A Red throated Diver that has been present at Upper Bittell Reservoir in Worcestershire for around a week roused my interest in what is a quiet time of year for birding and I decided to make the not too arduous journey to see it. I have seen any number over the years from coastal seawatches to breeding on lochs in Shetland but one inland in England was sufficiently infrequent to be worth the effort to go and have a look.
The trip would also allow me to further familiarise myself with a new camera and its various settings and idiosynchrasies. Focusing on a larger bird and practicing would hopefully allow me to be ready to deal with the much smaller bird species such as warblers which would inevitably test my camera skills sooner or later.
The journey from my home to Upper Bittell Reservoir is not that long and today was forecast to be sunny after some early rain. I had never travelled to this location before but it was easy enough to find by following my satnav's directions.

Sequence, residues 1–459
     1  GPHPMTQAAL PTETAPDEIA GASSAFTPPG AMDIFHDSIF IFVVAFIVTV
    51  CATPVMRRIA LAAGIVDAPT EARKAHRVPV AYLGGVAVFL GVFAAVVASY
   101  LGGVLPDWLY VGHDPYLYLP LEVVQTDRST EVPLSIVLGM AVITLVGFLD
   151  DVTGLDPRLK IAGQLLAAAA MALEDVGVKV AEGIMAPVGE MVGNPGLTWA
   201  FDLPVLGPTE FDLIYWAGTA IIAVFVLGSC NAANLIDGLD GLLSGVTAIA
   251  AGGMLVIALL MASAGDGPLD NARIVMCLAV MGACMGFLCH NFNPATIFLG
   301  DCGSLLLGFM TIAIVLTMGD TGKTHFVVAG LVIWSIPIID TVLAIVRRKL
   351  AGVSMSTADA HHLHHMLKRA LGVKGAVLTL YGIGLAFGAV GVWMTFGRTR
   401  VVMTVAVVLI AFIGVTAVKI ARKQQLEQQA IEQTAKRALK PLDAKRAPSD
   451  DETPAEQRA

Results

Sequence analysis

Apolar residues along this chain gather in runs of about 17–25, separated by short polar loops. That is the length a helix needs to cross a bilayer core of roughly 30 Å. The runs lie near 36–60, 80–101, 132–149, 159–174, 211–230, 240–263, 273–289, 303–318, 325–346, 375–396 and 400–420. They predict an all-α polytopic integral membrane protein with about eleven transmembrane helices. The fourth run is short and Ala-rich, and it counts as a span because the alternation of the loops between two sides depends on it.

Parking in an area just large enough to accommodate three cars I made my way along a lane and after a short walk found myself on the dam wall of the reservoir which has a public footpath running across it.
Just as well, for the manager of the yacht club which uses the reservoir told me I had to be a member of the yacht club to walk anywhere else around the reservoir. This would cost me £20.00 but thankfully was not necessary as the diver was fast asleep on the water bang in front of the dam wall and viewable from the footpath.
The diver remained asleep for another five minutes and then commenced preening before drifting further out onto the reservoir and going back to sleep.Essentially grey and white in winter plumage, they are the smallest of the four diver species that occur in Britain and the commonest.
However, as I mentioned they are unusual inland especially in the middle of England and one can only speculate that this bird was driven inland by recent high winds and for now has opted to settle here for a spell but will probably move on to its more normal winter habitat on the sea. It certainly shows no sign of injury or illness and gave every impression of being entirely content where it was.
While watching the diver a first year Common Goldeneye, possibly bred in Scotland came close to the dam wall diving for food. Immatures and female Common Goldeneyes look very similar but adult female Goldeneyes have a yellow tip to their bill.
Maybe rain goose was not so fanciful after all.